Lilu is now a year old I found out in dec 2009 that she was FELV+ As much as it kills me to know that i will have to go thru the loss of another felv cat with her I couldnt just let other felv cats be put to sleep when they are otherwise healthy So I adopted another felv cat (chester) that had been in a cage all his life.

i am continuing to spoil these two rotten And my credit card shows it with all the amazon purchases lol

Glad to know I am not the only one willing to do this

Good luck with Sam

SGolis said...

Kristin: you are doing God's work by caring for the FeLV cats. There is no reason to put a cat down that is symptom free and I believe that some veterinarians are starting to realize this. Of course you need to be cautious especially if you have healthy cats in your house. But you can make this work, just as I have. A FeLV cat can live a long and healthy life. Thanks for commenting.

Anonymous said...

Hi Susan,
I just adopted a fur baby with FeLV and wanting to make sure I take the best care of her that I can. How is Sam doing? Do you know the average life expectancy of a cat with FeLV? I LOVE Chloe. She is the most affectionate cat I've had. We adopted her knowing that there was little chance that anyone else would. I hope Sam is doing well :-)

S Golis said... cat Sam was able to beat Feline Leukemia before the 3rd stage however he still has FIV. Sam is doing very well, sleeps a lot but that is Okay with me, thank you for asking.

As far as the life expectancy of cat well that is hard to say. I heard from a man in the UK and his Feline Leukemia cat was diagnosed and lived 8 years after diagnosis. He put his cat down when the disease progressed and cat was suffering. Another lady in India contacted me and her FeLV cat was in remission, no change after diagnosis. She noted her cat was in their 5th year. So I guess it is up to the cat, the health and living condition. If a cat is watched closely by veterinarian and gets their wellness check-ups then the cat may live a longer life.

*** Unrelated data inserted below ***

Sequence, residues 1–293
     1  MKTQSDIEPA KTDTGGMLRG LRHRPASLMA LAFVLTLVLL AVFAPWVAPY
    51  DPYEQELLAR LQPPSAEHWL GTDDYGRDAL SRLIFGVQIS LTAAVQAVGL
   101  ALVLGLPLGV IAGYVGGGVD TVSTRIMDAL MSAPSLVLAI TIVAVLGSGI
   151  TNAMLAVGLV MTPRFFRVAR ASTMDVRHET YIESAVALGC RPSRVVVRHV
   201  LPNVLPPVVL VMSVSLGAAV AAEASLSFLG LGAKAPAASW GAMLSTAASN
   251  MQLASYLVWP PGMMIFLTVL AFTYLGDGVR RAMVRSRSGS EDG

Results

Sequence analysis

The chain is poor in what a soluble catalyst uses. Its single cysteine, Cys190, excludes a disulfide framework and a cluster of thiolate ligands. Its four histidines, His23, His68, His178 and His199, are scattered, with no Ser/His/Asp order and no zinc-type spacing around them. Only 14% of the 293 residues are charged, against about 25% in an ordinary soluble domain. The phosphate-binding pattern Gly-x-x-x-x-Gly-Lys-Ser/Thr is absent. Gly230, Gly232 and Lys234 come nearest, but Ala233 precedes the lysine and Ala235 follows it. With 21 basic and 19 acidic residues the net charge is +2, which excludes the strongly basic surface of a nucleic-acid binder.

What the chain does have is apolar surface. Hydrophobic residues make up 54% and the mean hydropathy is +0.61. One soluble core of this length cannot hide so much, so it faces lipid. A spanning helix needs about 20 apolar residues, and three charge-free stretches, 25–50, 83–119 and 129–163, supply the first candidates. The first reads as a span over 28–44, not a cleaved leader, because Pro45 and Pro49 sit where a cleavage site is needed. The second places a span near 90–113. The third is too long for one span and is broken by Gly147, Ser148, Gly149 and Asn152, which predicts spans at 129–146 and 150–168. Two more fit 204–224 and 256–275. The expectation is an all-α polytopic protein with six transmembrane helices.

Willow Jan said...

I recommend a natural supplement called monolaurin for FIV and other serious diseases such as feline leukemia. I've seen it work for FIV and bobcat tick fever. Give a 300-milligram capsule of monolaurin mixed with cat milk (not cow's milk) or water with an eyedropper every hour for 8 doses. Monolaurin is available at some health food stores and online. I use Ecological Formulas brand. It is very safe with no side effects.

Willow Jan said...

I recommend the natural supplement monolaurin for FIV and bobcat tick fever, for which I've seen it work. I think it's also worth a try in feline leukemia. Monolaurin is available at some health food stores and online. Empty a 300-milligram capsule of monolaurin into a cup and add a few drops of water or cat milk, available from pet and grocery stores, etc., (not cow's milk), mix it and give it carefully with an eyedropper into the cat's mouth. Give a dose every hour for eight doses. Monolaurin is safe with no side effects.

S Golis said...

Willow Jan: Thanks for the update on the natural supplement. You stated that you saw the monolaurin work. How does it help the FIV cats?